1. Structural Biology and Molecular Biophysics
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A CLC-ec1 mutant reveals global conformational change and suggests a unifying mechanism for the Cl/H+ transport cycle

  1. Tanmay S Chavan
  2. Ricky C Cheng
  3. Tao Jiang
  4. Irimpan I Mathews
  5. Richard A Stein
  6. Antoine Koehl
  7. Hassane S Mchaourab
  8. Emad Tajkhorshid  Is a corresponding author
  9. Merritt Maduke  Is a corresponding author
  1. Stanford University School of Medicine, United States
  2. University of Illinois at Urbana-Champaign, United States
  3. Stanford University, United States
  4. Vanderbilt University, United States
Research Article
  • Cited 3
  • Views 1,433
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Cite this article as: eLife 2020;9:e53479 doi: 10.7554/eLife.53479

Abstract

Among coupled exchangers, CLCs uniquely catalyze the exchange of oppositely charged ions (Cl for H+). Transport-cycle models to describe and explain this unusual mechanism have been proposed based on known CLC structures. While the proposed models harmonize with many experimental findings, gaps and inconsistencies in our understanding have remained. One limitation has been that global conformational change – which occurs in all conventional transporter mechanisms – has not been observed in any high-resolution structure. Here, we describe the 2.6 Å structure of a CLC mutant designed to mimic the fully H+-loaded transporter. This structure reveals a global conformational change to improve accessibility for the Cl substrate from the extracellular side and new conformations for two key glutamate residues. Together with DEER measurements, MD simulations, and functional studies, this new structure `provides evidence for a unified model of H+ /Cl transport that reconciles existing data on all CLC-type proteins.

Article and author information

Author details

  1. Tanmay S Chavan

    Department of Molecular and Cellular Physiology, Stanford University School of Medicine, Stanford, United States
    Competing interests
    The authors declare that no competing interests exist.
  2. Ricky C Cheng

    Department of Molecular and Cellular Physiology, Stanford University School of Medicine, Stanford, United States
    Competing interests
    The authors declare that no competing interests exist.
  3. Tao Jiang

    NIH Center for Macromolecular Modeling and Bioinformatics, Beckman Institute for Advanced Science and Technology, Department of Biochemistry, Center for Biophysics and Quantitative Biology, University of Illinois at Urbana-Champaign, Urbana, United States
    Competing interests
    The authors declare that no competing interests exist.
  4. Irimpan I Mathews

    Stanford Synchrotron Radiation Lightsource, Stanford University, Menlo Park, United States
    Competing interests
    The authors declare that no competing interests exist.
  5. Richard A Stein

    Department of Molecular Physiology and Biophysics, Vanderbilt University, Nashville, United States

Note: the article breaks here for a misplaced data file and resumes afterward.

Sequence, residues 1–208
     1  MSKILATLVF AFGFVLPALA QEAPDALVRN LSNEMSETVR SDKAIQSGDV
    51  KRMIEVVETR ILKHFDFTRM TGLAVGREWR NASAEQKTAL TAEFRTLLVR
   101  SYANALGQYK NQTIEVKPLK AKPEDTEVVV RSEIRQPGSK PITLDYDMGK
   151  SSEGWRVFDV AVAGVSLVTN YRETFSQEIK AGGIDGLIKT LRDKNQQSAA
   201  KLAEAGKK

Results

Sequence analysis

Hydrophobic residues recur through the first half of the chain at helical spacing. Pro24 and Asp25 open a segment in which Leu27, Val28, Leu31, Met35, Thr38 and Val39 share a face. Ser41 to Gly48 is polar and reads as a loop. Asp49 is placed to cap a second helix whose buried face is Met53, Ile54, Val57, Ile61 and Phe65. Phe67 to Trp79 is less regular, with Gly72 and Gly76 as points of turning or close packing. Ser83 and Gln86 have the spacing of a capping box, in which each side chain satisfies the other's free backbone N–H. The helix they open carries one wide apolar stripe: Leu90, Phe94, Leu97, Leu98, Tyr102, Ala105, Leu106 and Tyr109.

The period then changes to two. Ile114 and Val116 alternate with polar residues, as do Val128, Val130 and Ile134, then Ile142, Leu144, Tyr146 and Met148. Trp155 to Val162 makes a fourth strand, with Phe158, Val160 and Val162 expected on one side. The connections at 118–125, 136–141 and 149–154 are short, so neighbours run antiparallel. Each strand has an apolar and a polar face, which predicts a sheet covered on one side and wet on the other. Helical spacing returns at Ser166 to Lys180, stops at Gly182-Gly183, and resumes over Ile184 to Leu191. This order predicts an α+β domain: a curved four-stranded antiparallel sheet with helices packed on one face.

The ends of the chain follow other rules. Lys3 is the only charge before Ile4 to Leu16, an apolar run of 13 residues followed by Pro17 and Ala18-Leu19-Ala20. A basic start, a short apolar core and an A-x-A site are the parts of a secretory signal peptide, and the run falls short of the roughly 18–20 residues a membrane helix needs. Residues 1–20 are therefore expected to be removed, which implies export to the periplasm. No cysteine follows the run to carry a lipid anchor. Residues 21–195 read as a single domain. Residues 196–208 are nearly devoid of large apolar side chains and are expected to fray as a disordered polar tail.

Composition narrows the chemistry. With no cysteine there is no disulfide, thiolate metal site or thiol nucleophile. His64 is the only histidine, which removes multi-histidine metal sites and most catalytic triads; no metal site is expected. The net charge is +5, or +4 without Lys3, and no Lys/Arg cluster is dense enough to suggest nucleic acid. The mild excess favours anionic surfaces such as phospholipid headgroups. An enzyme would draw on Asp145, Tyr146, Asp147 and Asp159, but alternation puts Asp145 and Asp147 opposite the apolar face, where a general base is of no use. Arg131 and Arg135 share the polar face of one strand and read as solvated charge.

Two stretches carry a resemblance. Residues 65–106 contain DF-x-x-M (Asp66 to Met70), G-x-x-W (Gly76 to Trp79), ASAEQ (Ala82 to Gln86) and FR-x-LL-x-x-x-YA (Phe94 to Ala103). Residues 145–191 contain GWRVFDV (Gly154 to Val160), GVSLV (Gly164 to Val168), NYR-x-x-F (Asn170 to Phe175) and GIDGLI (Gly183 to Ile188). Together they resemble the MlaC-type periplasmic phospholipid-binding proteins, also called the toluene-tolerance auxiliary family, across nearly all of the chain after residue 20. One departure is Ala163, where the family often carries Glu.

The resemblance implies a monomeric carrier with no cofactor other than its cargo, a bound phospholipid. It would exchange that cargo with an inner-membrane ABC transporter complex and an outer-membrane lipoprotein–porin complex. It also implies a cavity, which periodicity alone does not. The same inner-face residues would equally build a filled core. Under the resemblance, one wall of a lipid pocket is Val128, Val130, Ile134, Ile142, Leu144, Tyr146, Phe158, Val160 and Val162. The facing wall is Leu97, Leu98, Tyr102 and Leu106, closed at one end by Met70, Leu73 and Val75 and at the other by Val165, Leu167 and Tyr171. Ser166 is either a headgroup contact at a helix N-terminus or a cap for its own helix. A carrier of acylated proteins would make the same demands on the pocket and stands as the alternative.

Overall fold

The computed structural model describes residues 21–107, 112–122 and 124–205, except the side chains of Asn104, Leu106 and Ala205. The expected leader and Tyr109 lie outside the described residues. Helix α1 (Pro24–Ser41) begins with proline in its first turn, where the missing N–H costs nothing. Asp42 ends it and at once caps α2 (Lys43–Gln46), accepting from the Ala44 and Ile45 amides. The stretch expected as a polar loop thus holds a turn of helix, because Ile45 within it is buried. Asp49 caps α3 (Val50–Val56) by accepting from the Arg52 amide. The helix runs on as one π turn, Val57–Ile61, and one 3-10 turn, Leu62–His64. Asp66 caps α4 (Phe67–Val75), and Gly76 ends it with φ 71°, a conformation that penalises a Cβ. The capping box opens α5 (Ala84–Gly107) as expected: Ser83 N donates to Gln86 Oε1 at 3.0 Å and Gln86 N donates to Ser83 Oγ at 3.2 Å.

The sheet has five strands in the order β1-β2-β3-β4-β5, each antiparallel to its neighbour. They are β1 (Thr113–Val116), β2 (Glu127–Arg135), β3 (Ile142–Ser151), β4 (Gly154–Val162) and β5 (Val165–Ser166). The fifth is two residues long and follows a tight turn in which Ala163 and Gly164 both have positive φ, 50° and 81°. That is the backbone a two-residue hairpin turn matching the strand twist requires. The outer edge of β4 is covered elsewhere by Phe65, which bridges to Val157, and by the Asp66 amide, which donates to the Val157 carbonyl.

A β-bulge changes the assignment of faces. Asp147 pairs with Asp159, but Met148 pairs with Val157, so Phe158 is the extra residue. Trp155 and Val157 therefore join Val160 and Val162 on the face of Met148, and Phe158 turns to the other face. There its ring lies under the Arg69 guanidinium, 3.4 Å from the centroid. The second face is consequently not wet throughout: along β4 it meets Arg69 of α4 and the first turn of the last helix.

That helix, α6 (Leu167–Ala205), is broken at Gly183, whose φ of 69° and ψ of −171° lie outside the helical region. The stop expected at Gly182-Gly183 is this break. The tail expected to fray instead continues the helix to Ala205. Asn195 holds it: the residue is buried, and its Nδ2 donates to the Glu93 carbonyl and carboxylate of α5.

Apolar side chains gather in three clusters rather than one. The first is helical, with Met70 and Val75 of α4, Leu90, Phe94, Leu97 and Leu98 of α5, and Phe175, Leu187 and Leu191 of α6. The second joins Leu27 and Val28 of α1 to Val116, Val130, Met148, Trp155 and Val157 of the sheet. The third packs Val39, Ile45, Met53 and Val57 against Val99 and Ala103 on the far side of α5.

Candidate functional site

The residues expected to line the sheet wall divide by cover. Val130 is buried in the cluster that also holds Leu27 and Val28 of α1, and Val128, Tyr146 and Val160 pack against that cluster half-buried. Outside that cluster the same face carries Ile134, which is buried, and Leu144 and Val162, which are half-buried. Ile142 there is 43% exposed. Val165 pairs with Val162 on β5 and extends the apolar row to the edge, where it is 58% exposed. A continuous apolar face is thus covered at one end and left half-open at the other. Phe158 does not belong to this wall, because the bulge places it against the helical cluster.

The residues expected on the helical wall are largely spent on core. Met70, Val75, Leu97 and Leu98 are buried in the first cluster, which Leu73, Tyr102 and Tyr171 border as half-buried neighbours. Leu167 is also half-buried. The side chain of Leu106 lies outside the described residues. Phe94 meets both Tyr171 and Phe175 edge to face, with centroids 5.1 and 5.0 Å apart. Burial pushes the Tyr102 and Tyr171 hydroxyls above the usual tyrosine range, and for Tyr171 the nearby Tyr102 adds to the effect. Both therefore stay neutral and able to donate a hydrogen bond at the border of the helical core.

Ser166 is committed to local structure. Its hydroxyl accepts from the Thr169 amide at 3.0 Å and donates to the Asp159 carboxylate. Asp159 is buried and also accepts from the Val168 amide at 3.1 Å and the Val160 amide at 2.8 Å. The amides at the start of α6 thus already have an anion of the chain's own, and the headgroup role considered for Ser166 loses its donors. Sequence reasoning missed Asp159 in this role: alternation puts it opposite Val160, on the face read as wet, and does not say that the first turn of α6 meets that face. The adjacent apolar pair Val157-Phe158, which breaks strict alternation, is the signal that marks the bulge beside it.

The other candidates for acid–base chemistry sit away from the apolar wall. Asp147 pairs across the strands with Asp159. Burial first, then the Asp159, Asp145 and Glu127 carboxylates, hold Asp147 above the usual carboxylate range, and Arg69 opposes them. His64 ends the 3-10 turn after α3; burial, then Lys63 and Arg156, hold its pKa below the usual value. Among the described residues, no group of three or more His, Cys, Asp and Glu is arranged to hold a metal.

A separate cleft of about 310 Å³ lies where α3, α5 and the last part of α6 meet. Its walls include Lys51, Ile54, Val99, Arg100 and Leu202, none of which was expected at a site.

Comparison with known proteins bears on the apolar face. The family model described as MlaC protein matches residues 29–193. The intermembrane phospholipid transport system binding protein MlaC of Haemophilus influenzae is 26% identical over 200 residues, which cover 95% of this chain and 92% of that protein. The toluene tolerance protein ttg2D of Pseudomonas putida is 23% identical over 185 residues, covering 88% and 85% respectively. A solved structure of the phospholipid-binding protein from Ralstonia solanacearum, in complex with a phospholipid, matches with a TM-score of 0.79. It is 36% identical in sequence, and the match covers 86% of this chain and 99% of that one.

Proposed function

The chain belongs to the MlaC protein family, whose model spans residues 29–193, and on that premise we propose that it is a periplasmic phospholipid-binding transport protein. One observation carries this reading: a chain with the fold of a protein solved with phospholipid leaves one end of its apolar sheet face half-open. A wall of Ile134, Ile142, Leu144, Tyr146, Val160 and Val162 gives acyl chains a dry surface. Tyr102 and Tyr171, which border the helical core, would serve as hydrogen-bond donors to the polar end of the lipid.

Competing interests
    The authors declare that no competing interests exist.
  6. Antoine Koehl

    Department of Molecular and Cellular Physiology, Stanford University School of Medicine, Stanford, United States
    Competing interests
    The authors declare that no competing interests exist.
  7. Hassane S Mchaourab

    Department of Molecular Physiology and Biophysics, Vanderbilt University, Nashville, United States
    Competing interests
    The authors declare that no competing interests exist.
  8. Emad Tajkhorshid

    Department of Biochemistry; Center for Biophysics and Quantitative Biology; 5NIH Center for Macromolecular Modeling and Bioinformatics, Beckman Institute for Advanced Science and Technology, University of Illinois at Urbana-Champaign, Urbana, United States
    For correspondence
    tajkhors@illinois.edu
    Competing interests
    The authors declare that no competing interests exist.
    ORCID icon "This ORCID iD identifies the author of this article:" 0000-0001-8434-1010
  9. Merritt Maduke

    Department of Molecular and Cellular Physiology, Stanford University School of Medicine, Stanford, United States
    For correspondence
    maduke@stanford.edu
    Competing interests
    The authors declare that no competing interests exist.
    ORCID icon "This ORCID iD identifies the author of this article:" 0000-0001-7787-306X

Funding

National Institutes of Health (GM113195)

  • Hassane S Mchaourab
  • Emad Tajkhorshid
  • Merritt Maduke

American Heart Association (17POST33670553)

  • Tanmay S Chavan

U.S. Department of Energy (DE-AC02-06CH11357)

  • Antoine Koehl

National Institutes of Health (P41GM103393)

  • Irimpan I Mathews

Blue Waters at National Center for Supercomputing Applications

  • Tao Jiang

Extreme Science and Engineering Discovery Environment (MCA06N060)

  • Emad Tajkhorshid

National Institutes of Health (P41-GM104601)

  • Emad Tajkhorshid

The funders had no role in study design, data collection and interpretation, or the decision to submit the work for publication.

Reviewing Editor

  1. Leon D Islas, Universidad Nacional Autónoma de México, Mexico

Publication history

  1. Received: November 9, 2019
  2. Accepted: April 18, 2020
  3. Accepted Manuscript published: April 20, 2020 (version 1)
  4. Version of Record published: May 27, 2020 (version 2)

Copyright

© 2020, Chavan et al.

This article is distributed under the terms of the Creative Commons Attribution License permitting unrestricted use and redistribution provided that the original author and source are credited.

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